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Opinion
Palm Coast Tuesday, May 9, 2017 1 year ago

Shade sails needed in Palm Coast parks

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Also in letters: Sheriff's Citizens Academy

Dear Editor:

I have always wondered why our playground structures are not protected from the damaging rays of the sun, either by trees or shade sails. I was raised in a time when no one worried about the sun and its effects on our skin and bodies; baby oil mixed with iodine and reflectors did the trick for a tan.

Now, many years later, we are warned that too much exposure to the sun can cause skin cancer (sometimes fatal) and we should be using sun-block. My grandchildren are always loaded up with sun-block before they go out to play in the sun. So, why would we put our children and grandchildren in harm's way by exposing them to full direct rays of the sun when they are playing on our playground structures?

Shade sails and/or trees in playgrounds will not only protect our children from the sun but our children will also be able to enjoy a variety of parks. All of our playground structures should be protected from the sun! 

Debbie Fallon

Palm Coast

Citizens Academy gave me a new appreciation of the Sheriff's Office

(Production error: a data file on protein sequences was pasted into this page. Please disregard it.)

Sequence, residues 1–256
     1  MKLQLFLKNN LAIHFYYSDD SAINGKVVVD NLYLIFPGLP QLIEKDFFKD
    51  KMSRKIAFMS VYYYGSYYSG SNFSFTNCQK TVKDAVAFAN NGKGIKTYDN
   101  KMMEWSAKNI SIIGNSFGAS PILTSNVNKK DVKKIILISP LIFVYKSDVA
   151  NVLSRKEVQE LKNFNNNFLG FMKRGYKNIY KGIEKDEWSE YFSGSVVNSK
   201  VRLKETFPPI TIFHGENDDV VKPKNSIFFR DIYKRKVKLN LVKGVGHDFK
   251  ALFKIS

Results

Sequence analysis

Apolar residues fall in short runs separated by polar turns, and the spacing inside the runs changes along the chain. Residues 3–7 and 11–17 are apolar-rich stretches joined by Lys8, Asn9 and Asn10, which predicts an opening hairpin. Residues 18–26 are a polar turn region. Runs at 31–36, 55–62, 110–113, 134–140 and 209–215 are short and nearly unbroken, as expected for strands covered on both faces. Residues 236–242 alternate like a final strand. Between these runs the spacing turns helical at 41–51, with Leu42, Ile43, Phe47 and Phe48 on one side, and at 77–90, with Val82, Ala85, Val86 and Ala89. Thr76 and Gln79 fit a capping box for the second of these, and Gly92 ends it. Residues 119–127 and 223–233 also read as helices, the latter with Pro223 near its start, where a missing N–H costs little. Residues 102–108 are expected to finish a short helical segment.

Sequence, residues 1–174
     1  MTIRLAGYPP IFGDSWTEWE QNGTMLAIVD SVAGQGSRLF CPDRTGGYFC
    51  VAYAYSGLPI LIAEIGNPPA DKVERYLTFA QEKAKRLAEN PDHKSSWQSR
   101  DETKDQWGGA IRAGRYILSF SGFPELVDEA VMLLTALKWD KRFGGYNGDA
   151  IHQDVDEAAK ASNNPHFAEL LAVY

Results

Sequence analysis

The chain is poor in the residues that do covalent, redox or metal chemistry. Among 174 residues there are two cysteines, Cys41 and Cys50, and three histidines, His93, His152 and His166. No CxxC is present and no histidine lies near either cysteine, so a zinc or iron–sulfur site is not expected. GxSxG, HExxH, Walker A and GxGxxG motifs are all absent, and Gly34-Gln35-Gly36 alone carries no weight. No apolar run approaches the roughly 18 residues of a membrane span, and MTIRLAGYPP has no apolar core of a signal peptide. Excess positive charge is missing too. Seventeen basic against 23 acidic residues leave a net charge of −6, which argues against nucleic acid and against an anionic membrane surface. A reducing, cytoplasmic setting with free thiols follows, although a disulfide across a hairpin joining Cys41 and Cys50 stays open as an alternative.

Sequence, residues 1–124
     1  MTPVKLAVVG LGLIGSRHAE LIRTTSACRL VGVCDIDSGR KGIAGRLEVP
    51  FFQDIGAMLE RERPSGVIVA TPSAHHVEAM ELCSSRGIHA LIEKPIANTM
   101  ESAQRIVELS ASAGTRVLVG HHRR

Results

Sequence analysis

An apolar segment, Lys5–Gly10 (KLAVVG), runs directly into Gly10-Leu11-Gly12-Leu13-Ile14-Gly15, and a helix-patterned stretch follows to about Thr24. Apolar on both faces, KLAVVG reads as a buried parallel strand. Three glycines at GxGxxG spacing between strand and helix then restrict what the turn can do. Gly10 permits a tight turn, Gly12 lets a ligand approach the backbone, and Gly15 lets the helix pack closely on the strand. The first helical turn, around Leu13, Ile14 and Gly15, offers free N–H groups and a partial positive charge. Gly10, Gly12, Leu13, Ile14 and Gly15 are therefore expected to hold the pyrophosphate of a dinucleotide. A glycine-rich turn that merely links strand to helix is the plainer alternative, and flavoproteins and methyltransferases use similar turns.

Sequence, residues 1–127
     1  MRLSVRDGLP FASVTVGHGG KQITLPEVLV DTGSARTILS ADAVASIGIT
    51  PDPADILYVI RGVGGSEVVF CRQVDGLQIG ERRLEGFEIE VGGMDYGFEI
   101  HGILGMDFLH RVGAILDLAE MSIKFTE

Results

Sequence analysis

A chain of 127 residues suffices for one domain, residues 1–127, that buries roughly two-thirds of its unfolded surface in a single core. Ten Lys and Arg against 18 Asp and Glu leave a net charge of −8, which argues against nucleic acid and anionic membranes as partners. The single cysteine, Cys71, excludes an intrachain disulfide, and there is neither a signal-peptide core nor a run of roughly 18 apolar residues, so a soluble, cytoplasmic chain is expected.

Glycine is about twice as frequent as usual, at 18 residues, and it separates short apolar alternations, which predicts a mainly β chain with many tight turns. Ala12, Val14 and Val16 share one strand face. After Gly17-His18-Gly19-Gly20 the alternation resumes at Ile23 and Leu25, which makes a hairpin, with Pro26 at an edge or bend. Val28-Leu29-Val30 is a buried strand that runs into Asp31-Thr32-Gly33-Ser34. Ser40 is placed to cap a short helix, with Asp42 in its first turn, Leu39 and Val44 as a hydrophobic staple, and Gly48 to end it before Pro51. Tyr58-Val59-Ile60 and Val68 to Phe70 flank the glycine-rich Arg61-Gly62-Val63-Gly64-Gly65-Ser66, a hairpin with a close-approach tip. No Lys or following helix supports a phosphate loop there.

Dear Editor:

I recently completed the six-week Flagler County Sheriff’s Office Citizen Academy. Thanks to Sgt. Michael Lutz, Sheriff Rick Staly and Undersheriff Jack Bisland and others, the class got to see the K-9, SWAT, marine, mounted units and many other areas of operation. Getting to see the new jail, 911 call center and training simulator was an eye opener. During my time in the training simulator, I killed two suspects, I killed a homeowner and was killed myself. The simulator is real life like, and things happen a lot quicker than you can imagine.

My last observation was on my ride along. The deputy was young: two years on the job. We had three calls. One was back-up on Interstate 95, and two were domestic disputes, which make up a lot of their calls. One led to an individual being arrested, which required him to be delivered to the county jail. The individual would not give his name or birth date and was generally uncooperative; he was drunk. The guy kicked the seat and doors the whole time. The deputy kept his cool throughout the ride. I wanted to tell the guy to knock it off. My personal observation: Filling out the paperwork has to be the worst part of being a deputy.

My purpose in participating in this program was to get a better understanding of the sheriff’s operation and what a deputy actually does.

I would suggest that everyone participate in the Citizen Academy. You will come away with a whole new appreciation of the services provided by the Sheriff’s Office.

Robert Branin

Palm Coast

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